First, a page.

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    Wow. 13 months. My hero. I dream of making it to 1 year.
  10. treepeo
    treepeo avatar
    499 posts
    Registered:
    29 Nov 2017
    10 Feb
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    Hey Debbie,

    I started from Day 1, too.  And I used to think, "Wow, I wish I had 3 months (6 months, a year) under my belt."  And I wondered if I could really do it.  And I had a lot of doubts and insecurities.  But yeah, I did it, one moment, one hour, one day at a time.  It wasn't easy.  In fact, the first month was almost complete hell.  I quit cold turkey and it almost broke me.  I ended up bawling my eyes out at the end of my first month.  But you know what?  It was all worth it.  I mean it, it truly was worth it.  Because now I have achieved my goal.  I am a non-smoker.  And I am reaping the benefits.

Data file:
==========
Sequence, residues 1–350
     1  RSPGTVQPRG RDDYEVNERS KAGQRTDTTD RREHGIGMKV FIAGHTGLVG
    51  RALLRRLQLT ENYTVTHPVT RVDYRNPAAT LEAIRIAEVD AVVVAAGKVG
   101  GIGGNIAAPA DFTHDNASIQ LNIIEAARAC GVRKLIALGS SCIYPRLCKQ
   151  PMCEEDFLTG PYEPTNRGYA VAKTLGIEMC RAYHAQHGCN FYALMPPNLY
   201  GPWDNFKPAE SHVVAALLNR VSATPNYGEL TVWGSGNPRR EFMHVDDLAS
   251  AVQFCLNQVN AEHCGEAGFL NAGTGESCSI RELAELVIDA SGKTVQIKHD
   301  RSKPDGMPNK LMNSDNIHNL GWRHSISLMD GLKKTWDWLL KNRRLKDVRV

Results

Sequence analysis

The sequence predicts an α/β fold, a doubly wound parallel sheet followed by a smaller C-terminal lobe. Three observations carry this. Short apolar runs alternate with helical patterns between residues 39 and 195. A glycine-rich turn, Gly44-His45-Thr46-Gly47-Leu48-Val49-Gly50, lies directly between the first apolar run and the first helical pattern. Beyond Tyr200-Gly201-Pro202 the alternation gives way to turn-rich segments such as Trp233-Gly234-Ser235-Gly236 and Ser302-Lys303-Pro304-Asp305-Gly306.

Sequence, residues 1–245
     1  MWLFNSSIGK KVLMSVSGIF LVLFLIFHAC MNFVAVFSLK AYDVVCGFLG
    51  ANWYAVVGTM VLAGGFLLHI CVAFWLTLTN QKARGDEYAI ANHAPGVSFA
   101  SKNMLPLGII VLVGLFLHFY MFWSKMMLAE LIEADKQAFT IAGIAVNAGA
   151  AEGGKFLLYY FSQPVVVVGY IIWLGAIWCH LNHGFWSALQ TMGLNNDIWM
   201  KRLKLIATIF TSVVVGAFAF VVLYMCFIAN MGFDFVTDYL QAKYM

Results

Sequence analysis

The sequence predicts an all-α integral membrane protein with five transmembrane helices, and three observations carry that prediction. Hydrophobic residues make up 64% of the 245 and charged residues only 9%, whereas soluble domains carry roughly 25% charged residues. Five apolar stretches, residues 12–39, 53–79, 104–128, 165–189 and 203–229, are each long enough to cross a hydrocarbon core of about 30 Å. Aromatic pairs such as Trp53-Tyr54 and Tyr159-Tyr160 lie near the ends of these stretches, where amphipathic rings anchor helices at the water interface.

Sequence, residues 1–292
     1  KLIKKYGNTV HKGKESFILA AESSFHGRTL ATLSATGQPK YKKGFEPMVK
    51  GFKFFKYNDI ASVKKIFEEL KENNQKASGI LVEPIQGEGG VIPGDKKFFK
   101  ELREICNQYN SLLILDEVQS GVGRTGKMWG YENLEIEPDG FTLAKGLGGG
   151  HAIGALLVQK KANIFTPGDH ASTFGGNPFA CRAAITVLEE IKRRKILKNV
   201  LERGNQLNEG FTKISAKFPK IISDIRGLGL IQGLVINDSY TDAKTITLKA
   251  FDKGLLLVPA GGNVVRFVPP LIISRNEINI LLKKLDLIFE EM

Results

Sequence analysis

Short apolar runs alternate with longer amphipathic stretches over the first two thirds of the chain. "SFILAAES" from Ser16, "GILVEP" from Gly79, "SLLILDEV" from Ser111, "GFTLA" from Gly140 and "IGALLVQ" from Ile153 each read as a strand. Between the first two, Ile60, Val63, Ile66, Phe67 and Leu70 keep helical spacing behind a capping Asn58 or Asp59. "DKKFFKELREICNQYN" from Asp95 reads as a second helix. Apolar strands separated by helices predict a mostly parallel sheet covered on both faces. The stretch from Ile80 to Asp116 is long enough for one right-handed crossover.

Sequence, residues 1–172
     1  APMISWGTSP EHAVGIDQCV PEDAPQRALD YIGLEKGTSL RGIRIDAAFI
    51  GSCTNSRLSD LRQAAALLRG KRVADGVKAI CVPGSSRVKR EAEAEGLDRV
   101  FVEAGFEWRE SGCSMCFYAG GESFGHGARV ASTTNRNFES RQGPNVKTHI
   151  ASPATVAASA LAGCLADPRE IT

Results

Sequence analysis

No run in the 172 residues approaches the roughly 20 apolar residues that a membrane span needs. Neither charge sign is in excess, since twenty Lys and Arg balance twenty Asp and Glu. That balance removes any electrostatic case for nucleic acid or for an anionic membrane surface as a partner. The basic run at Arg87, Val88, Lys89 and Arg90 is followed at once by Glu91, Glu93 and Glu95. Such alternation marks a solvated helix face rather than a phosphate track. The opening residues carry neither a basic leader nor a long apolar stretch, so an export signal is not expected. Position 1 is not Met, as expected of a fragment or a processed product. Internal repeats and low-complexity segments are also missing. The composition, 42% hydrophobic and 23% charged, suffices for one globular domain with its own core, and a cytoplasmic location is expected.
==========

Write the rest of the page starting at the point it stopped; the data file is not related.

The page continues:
My breathing is so much better.  It's not perfect, it never will be because I smoked my whole life and my lungs are shot.  But  holy cow, I do breathe so much easier now.  I have noticed such a change this winter.  Fighting against the wind is difficult, but I used to be almost dying for a breath, it was so difficult to breathe.  It is much easier now.  And in the summer, the humidity almost killed me, I felt such pressure in my chest.  Again, I found it much easier to cope this summer.  The difference was like night and day.